The problem with unmanaged or unconsidered expectation is that it can foster in us a short-term horizon. By this I mean the kind of thinking that says, “I have to get this right.” Fear of failure can cripple our capacity to make choices, to have a go, to fail and try something else, to be resilient and stick at things even if they don’t appear to be going well. Sadly, I think that this is how many people live. The result is settling for a “less-than kind of life” … we end up conforming to what life seems to dish out …
As young adults you are at the stage of life where you are making all kinds of decisions that will shape your life … career, faith, friends, marriage, family … you have many expectations to manage. Expectations that come from parents, teachers and the expectations that you have for yourself.
My encouragement is that you hold these expectations within the frame of “playing the long game” for life. To hold within yourself a vision that is bigger than, “What will I do next?” To have a vision for yourself that is big enough and kind enough so that you give yourself the best opportunity to flourish.
You may want to consider these questions:
- What kind of presence do I want to bring to people?
- What kind of impression do I want to leave with people?
- What kind of character do I want to forge over time?
- To hold as your highest focus; what is my spiritual ambition?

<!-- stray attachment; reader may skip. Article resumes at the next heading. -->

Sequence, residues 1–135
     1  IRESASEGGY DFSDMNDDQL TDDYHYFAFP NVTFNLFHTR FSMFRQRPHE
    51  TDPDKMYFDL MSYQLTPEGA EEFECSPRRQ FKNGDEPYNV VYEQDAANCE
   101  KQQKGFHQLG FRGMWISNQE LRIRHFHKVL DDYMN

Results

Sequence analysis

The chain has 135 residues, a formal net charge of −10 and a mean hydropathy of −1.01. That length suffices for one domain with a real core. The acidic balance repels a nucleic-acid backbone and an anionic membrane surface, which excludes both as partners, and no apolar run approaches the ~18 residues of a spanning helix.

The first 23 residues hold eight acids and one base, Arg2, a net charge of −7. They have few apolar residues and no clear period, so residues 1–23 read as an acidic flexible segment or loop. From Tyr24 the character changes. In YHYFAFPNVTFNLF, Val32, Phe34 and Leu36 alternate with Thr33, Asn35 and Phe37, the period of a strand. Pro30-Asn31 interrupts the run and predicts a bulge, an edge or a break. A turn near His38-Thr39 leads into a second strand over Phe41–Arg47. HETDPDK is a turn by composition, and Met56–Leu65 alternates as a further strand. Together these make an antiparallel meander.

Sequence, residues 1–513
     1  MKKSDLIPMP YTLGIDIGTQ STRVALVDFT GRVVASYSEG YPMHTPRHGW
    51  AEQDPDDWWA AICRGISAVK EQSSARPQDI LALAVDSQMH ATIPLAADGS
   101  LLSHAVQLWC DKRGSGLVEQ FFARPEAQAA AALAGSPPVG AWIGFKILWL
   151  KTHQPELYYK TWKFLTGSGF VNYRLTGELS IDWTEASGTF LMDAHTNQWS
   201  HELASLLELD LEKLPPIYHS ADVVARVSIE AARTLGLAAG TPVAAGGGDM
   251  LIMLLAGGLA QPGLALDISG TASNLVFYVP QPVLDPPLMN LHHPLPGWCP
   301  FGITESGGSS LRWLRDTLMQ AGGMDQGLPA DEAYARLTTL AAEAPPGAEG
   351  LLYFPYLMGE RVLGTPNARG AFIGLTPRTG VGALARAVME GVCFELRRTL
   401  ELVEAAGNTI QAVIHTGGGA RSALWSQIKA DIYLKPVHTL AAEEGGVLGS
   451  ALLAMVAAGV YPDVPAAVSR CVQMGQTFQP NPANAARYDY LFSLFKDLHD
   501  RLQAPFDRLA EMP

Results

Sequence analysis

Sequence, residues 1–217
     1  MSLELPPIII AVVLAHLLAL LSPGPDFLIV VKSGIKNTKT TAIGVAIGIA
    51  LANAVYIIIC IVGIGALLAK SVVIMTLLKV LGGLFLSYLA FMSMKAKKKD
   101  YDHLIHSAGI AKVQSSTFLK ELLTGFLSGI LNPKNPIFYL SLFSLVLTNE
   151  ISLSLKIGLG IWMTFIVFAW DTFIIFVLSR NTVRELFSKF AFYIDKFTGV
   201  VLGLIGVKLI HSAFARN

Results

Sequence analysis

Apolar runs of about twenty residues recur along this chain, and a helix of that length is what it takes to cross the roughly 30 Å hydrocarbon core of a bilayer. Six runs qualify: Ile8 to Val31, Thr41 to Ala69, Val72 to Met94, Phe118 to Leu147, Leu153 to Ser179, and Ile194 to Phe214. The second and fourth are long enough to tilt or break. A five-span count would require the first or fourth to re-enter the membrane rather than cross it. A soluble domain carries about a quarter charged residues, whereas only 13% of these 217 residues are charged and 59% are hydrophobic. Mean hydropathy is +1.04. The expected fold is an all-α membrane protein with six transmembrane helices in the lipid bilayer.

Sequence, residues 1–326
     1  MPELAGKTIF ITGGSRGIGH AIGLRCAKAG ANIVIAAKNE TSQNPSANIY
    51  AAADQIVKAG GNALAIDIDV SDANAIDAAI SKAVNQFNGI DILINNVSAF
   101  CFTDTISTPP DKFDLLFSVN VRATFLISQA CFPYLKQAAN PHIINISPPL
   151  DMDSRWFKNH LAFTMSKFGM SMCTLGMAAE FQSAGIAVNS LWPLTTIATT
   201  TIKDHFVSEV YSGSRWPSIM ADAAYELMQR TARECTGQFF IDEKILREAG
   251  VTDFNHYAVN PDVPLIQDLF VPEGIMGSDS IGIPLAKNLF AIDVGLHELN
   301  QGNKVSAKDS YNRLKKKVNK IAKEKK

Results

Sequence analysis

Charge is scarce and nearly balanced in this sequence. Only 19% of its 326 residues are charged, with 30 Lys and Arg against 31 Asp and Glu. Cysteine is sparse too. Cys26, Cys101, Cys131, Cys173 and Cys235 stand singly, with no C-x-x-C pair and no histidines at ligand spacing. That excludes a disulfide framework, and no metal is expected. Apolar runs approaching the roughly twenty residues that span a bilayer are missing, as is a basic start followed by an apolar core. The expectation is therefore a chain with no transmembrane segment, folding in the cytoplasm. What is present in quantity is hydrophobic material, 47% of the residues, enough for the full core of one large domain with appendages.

These kinds of questions will save you from the crushing weight of expectation. These questions will serve to create a sense of weight, or gravitas within your life. This is how we live out the Gospel … like Christ, our lives are meant to have weight, substance, gravitas … A life that has the weight of Christ about it is a life that sticks out in a superficial and shallow age.
As a young woman, a mentor changed my life simply because she taught me to dwell deeply in 2nd Timothy. My ambition was to memorize this letter so that I could emulate her example. Initially I had no idea how much absorbing Paul’s mentoring of Timothy would shape who I am. Today I am so grateful for how much of this letter informs who I am as a follower of Jesus.
In 2 Tim 2:1-7, Paul says to Timothy to consider life through the lens of a soldier, an athlete, a farmer. Paul finishes this section by saying, “Reflect on what I am saying. God will give you insight into all of this.”
That expression, “Reflect on what I am saying. God will give you insight into all of this,”
has been like grit in my soul for over 30 years. Lots of people give you advice and answers and life hacks … but the truth is that only you can determine how you will live your life in Christ. What Paul understood, and what I have come to understand, is that wrestling with the Word of God, reflecting deeply through the experiences of life and walking in Christ is work that we must do ourselves if we want to be people of substance who truly walk in freedom.
There is a haunting scene in Episode 3 of The Young Pope. Tired Cardinal Spencer, whose faith has been corrupted with power and ambition has all but given up. The weight of expectations that he has held for himself and for the church have all but crushed his soul. Aged Cardinal Caltanissetta slowly raises his shaky hand and as he does so Cardinal Spencer begins to sob uncontrollably.
“What’s he doing?’
“He’s lifting the weight of God.”
“And what is the weight of God like?
2 Corinthians 4:17, Paul speaks of an eternal weight of glory.
“The presence of God in our lives rests as a weight – not as a weight which oppresses us, but a weight which gives a centre and orients all things to itself.” Every aspect of our lives is given its proper orientation and purpose as we relax into God’s presence and allow that weight to be the anchor of our souls.
Reflect on what I am saying. The Lord will give you insight into all of this.